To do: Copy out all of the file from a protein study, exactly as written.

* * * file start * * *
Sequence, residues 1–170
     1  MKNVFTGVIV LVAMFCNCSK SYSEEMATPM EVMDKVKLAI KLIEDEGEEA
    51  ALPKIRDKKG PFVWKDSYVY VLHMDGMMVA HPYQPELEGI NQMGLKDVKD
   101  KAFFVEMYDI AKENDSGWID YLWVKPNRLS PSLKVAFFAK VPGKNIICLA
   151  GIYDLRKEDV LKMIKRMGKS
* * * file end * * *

Sequence, residues 1–170
     1  MKNVFTGVIV LVAMFCNCSK SYSEEMATPM EVMDKVKLAI KLIEDEGEEA
    51  ALPKIRDKKG PFVWKDSYVY VLHMDGMMVA HPYQPELEGI NQMGLKDVKD
   101  KAFFVEMYDI AKENDSGWID YLWVKPNRLS PSLKVAFFAK VPGKNIICLA
   151  GIYDLRKEDV LKMIKRMGKS